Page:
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Stuart shares his sadness at NME print axe

Stuart Maconie
Stuart Maconie

A well-known Wigan writer and broadcaster has shared his sadness at the iconic music paper he once wrote for going online.

Stuart Maconie told how NME, which puts out its final print edition today, was once a must-read for young people interested in music and spoke glowingly about his own stint of four years or so there.

Stuart Maconie, (middle left, second left) at the NMEs offices in 1990 during his time as a staff writer on the music magazine

Stuart Maconie, (middle left, second left) at the NMEs offices in 1990 during his time as a staff writer on the music magazine

He recalled the time when the publication was a vital tastemaker, whether it was introducing punk in the ‘70s, supporting iconic ‘80s guitar bands or later helping the likes of Wigan’s The Verve.

He said the paper, which he started writing for in 1988 before eventually jumping ship to Select, also provided a vital route into high-profile writing for creative people from working-class backgrounds.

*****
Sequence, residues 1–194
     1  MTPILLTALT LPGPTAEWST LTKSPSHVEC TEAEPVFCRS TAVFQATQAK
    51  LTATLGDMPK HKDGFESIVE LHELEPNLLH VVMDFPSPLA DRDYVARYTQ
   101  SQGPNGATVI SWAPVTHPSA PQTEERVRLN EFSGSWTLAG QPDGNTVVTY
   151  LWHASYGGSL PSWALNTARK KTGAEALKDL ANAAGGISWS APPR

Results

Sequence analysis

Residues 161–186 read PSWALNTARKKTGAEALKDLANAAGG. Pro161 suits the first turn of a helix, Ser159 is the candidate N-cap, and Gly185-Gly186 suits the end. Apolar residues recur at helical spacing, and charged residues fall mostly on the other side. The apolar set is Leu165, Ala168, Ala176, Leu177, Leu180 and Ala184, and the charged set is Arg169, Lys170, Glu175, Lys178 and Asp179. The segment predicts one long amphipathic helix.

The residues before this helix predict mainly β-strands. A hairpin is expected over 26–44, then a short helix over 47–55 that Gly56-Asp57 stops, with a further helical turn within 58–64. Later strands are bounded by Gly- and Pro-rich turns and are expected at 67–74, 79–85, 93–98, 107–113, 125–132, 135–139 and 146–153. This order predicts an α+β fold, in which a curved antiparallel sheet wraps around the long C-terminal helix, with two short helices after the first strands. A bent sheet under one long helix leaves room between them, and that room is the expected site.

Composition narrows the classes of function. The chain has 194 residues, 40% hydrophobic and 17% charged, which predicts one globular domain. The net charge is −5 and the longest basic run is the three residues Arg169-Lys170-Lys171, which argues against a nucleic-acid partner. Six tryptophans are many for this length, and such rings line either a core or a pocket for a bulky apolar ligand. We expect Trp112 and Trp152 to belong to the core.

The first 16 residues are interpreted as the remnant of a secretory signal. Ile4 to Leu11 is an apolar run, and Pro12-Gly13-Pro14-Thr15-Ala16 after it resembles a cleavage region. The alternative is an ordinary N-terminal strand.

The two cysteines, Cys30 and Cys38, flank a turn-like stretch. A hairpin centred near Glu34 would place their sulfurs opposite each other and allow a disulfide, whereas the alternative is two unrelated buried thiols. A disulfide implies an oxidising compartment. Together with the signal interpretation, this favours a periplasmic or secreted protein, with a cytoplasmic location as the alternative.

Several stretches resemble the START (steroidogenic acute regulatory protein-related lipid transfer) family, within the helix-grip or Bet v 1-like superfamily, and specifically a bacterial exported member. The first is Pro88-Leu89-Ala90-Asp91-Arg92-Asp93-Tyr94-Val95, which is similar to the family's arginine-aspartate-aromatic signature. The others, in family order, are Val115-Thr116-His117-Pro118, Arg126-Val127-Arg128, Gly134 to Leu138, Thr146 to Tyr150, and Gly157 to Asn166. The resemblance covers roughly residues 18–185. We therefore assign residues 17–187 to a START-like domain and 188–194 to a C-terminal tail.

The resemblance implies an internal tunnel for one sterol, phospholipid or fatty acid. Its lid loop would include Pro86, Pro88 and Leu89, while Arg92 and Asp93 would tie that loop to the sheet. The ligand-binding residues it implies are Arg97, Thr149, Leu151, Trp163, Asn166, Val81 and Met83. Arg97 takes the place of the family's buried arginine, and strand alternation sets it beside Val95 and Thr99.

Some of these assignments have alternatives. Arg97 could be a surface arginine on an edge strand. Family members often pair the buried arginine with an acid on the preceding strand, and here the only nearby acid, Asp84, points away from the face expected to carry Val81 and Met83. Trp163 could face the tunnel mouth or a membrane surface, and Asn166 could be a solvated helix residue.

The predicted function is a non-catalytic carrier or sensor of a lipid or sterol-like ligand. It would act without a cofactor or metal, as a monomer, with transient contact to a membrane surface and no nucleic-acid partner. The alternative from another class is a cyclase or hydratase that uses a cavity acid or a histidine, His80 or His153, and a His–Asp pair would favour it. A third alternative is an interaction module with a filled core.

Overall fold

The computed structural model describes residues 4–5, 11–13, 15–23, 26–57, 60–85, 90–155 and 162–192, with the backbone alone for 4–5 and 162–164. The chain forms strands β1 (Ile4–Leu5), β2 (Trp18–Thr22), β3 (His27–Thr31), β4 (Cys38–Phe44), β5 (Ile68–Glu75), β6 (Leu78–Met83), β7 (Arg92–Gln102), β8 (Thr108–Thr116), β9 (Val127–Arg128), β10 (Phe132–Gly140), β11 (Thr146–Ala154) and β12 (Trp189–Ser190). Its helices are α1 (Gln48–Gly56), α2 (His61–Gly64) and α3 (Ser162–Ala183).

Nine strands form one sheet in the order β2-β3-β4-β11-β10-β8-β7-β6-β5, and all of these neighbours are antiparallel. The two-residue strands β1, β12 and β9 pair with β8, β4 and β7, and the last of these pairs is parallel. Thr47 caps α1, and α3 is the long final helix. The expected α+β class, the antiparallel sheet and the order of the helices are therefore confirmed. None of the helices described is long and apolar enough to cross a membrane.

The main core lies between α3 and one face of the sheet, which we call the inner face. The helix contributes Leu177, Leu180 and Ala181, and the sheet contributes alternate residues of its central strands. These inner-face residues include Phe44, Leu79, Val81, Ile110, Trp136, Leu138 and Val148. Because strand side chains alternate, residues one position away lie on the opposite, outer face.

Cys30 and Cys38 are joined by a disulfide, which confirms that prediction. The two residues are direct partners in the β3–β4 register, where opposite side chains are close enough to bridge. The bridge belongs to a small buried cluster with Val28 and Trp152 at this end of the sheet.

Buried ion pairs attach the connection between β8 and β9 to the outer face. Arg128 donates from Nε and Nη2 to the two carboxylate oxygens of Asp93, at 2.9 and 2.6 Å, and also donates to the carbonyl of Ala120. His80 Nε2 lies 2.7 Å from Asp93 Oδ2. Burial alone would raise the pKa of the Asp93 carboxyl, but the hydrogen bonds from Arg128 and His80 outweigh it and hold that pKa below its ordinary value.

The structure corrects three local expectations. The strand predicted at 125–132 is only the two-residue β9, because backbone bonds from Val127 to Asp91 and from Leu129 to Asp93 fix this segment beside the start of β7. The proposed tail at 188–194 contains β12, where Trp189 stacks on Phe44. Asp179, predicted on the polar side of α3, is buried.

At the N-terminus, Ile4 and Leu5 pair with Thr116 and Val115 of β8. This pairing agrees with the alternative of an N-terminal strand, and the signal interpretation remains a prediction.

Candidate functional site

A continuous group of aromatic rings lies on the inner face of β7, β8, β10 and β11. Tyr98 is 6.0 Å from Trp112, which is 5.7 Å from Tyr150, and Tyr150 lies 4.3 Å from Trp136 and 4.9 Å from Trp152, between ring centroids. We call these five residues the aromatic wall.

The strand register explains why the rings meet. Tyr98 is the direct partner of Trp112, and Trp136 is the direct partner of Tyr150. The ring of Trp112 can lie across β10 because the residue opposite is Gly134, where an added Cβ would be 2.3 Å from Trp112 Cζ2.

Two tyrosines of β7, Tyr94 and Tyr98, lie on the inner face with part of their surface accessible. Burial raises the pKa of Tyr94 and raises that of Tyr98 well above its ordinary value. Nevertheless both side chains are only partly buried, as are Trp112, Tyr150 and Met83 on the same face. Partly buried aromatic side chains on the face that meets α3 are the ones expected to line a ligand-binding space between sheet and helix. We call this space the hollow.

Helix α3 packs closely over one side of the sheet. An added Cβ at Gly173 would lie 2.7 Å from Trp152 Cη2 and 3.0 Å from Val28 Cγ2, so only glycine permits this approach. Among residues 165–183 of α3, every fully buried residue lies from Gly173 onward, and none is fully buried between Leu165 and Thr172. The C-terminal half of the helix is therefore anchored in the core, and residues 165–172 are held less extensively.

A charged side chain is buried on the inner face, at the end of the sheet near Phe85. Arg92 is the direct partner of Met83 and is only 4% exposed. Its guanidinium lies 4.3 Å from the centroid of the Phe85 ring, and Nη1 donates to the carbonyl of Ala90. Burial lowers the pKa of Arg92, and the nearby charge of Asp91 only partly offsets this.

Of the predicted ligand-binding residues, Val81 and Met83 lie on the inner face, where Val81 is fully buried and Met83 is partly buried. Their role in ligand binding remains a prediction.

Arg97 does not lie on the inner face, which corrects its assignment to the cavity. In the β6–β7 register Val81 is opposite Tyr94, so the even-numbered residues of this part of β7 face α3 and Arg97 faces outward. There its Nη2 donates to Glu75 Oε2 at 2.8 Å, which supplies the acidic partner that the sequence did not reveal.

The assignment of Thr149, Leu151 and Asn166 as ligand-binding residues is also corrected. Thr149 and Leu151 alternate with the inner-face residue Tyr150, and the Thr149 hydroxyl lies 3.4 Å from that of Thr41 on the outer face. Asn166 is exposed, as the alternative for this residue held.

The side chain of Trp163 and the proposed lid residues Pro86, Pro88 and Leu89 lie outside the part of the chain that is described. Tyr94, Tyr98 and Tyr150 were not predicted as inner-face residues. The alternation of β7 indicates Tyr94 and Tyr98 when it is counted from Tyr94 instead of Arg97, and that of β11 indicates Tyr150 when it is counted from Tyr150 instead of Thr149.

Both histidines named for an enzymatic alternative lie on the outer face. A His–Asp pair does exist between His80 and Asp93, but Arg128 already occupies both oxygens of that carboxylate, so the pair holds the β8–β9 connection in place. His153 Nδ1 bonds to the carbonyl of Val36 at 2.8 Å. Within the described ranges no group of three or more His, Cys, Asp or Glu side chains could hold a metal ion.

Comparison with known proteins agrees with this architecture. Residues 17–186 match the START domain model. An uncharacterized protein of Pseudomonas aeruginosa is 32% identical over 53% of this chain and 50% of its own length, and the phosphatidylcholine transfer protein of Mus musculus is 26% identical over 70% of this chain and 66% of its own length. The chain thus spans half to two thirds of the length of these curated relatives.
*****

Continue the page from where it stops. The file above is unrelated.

Stuart said: “I found myself getting more emotional over the end of NME in print than I had thought I would. A lot of people did.

“When I was a teenager, vaguely alternative and underground music had a central place in how kids like me lived our lives. Now pop music is just one of the many ways which young people use to define and understand the world.

“When I was young you were out of the loop if you didn’t read NME every Wednesday. It was a crucial thing. I also think the old rock stars have disappeared. I wanted to know what Johnny Rotten or Morrissey thought about politics. I’m not sure anyone wants to read 20,000 words on what today’s stars think.

“I remember my time at NME massively fondly. I sent an unsolicited review and they asked me if I wanted a job. I showed my mates in Wigan and it was like getting to play for Manchester United.

“It always had a strong regional feel. It was a way for bright kids from working-class backgrounds to write on a national level for a massive audience. The BBC and the national newspapers wouldn’t have given us a job. At 25 I felt like the wise old head.”